As promised in a previous post, I made duck sausage to complete the June Charcutepalooza Challenge. My local gourmet provisioner makes an excellent duck sausage with cherries, which, along with mushroom risotto, was a favorite food of a certain two-year-old in our household. Ruhlman’s Charcuterie recipe uses garlic, sage, and red wine, but at the suggestion of She Who Must Be Obeyed I worked out a variation that used cranberries.
Charcuterie‘s recipe also calls for pork fat to be mixed with duck leg meat, but I figured that I’d have more than enough duck fat from boning out the legs to make the supplemental pork unnecessary. (I know, I actively avoided the use of pork fat in a recipe.) My concern was with how soft duck fat can get at room temperature, which could lead to smearing in the final grind. In response to my email query, Ruhlman suggested I could supplement the fat and skin from the legs with frozen, diced, rendered duck fat, which I had in abundance.
I retrieved my stash of duck legs from the Deep Storage Facility and began separating fat, skin, meat and bones – a process that got easier after the first eight legs – and wound up working my way through eighteen legs to get the required weights: three and a half pounds of diced meat, a pound and a half of fat and skin (just enough, no additional fat required), and a bowl full of very meaty bones.
I could have been a bit fussier about removing more meat from the bones, but I didn’t want to spend a few more hours teasing out dozens of tendons from each leg. Besides, I had another use in mind for the bones: blanched, and then simmered with onion, ginger, cilantro, coriander seeds, and fish sauce, they became four quarts of duck phở. The rendered tendons added a lovely gelatinous oomph to the stock.
While the fragrant stock simmered (quite a calming influence in the Belm Utility Research Kitchen) I cut up the skin and fat into one-inch chunks with kitchen shears and set them on a sheet tray which went into the freezer for about half an hour. If I kept the fat as cold as possible I stood a better chance of it remaining well-defined in the final grind.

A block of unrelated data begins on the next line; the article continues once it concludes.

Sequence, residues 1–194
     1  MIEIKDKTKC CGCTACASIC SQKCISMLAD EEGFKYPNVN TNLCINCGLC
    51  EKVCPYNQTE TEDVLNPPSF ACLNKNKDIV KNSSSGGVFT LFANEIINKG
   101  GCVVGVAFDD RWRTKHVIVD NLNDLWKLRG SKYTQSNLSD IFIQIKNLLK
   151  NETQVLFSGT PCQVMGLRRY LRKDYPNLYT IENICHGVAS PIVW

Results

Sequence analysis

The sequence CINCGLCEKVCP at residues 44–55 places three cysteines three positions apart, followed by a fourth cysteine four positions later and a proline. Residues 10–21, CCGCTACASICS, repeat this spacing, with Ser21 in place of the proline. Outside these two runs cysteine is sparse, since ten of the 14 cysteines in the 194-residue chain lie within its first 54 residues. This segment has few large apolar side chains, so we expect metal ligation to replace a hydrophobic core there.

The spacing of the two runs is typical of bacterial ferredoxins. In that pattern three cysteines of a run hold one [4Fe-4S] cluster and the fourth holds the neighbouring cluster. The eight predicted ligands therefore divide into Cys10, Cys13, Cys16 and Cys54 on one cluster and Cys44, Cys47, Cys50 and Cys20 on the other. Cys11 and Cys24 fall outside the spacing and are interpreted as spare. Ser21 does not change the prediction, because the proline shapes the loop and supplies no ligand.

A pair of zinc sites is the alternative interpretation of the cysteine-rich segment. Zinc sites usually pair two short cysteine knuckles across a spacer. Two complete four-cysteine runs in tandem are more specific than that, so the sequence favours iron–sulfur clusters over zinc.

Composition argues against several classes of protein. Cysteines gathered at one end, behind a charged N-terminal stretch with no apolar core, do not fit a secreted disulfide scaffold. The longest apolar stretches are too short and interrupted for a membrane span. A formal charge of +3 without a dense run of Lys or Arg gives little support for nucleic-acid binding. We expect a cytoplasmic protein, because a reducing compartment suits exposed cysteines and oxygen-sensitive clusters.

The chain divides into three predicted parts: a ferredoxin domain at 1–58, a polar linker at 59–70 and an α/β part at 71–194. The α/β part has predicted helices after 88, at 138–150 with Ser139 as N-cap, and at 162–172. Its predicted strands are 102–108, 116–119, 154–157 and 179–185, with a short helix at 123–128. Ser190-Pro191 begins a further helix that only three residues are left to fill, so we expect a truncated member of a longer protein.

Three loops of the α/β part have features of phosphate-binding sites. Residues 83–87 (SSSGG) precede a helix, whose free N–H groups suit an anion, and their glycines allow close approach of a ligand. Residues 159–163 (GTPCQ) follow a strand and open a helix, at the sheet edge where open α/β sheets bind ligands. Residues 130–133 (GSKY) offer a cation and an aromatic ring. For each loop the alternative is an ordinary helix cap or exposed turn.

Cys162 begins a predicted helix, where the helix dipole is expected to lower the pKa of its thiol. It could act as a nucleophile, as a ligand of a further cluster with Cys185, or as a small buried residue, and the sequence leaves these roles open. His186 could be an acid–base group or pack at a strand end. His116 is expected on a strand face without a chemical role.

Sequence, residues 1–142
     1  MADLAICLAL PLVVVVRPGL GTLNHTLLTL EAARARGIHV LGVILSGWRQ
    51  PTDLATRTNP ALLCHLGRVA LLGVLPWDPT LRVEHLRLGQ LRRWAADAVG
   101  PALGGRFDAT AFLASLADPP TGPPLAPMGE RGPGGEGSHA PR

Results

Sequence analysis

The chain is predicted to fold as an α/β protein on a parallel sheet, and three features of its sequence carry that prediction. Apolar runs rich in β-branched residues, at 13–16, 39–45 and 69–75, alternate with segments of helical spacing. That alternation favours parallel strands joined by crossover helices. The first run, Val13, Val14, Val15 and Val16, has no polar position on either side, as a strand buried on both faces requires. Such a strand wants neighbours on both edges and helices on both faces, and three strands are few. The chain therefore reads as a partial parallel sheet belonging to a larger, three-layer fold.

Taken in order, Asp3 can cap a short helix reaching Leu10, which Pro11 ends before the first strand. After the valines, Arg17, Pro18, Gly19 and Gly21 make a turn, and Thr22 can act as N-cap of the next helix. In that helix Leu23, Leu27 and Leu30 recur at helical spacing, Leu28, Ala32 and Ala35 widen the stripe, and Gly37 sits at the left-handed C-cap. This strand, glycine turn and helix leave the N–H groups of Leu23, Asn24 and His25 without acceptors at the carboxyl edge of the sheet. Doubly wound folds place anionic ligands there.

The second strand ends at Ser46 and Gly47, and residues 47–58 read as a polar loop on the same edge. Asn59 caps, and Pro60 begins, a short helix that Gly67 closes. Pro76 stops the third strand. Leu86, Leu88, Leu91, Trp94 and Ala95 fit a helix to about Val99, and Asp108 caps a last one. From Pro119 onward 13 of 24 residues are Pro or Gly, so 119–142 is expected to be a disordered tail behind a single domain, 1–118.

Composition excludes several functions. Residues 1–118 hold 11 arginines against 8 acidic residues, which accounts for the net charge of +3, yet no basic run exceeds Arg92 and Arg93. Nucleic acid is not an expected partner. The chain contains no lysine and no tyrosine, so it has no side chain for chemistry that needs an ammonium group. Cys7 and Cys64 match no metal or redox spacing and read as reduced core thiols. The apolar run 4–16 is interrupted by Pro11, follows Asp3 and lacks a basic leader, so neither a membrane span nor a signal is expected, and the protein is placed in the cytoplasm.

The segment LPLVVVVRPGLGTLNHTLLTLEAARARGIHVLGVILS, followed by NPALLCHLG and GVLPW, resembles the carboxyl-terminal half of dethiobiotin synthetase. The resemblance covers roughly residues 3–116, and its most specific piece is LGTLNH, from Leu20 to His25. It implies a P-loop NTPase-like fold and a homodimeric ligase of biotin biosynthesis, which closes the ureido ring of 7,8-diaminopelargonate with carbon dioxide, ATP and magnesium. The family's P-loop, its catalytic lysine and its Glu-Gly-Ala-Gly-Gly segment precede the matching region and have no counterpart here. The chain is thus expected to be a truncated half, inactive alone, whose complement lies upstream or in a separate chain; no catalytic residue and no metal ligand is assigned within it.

I assembled the seasonings: about a cup of chopped dried unsweetened cranberries, half a cup of finely chopped fresh sage, salt, coarsely ground black pepper, and half a cup of ruby port.
I tossed the duck meat and fat together with the seasonings and let them chill again in the fridge along with the port.
I set my mixer bowl in salted ice water and pushed the seasoned meat through the grinder.
I added the port and half a cup of ice water, then combined the mixture at medium speed for a minute. I made a small patty out of the stuffing, sautéed it and checked the meat for seasoning (spot on), and then recruited She Who for her expert sausage handling skills. Within half an hour we had twenty five links of duck sausage.
I portioned the sausages into four meals’ worth of links, keeping one in the fridge and sending the rest to the Deep Storage Facility. For dinner I cooked polenta, wilted swiss chard with garlic scapes, and made a quick sauce by reducing some duck stock with the same port and a sprig of thyme. I served the sausage over the polenta and added a healthy splash of the sauce.
I hit just the right balance with the seasonings. The sausage was sweet but not cloyingly so, tempered by the tartness of the cranberries and the earthiness of the sage. This was hearty fall fare, but still appropriate for the day’s sub-sixty-degree temperatures, simple and perfectly accompanied by a 2000 Ravenswood merlot/cab blend. He Who Will Not Be Ignored said “You kept telling me how much I used to like duck sausage. I think I like it again.”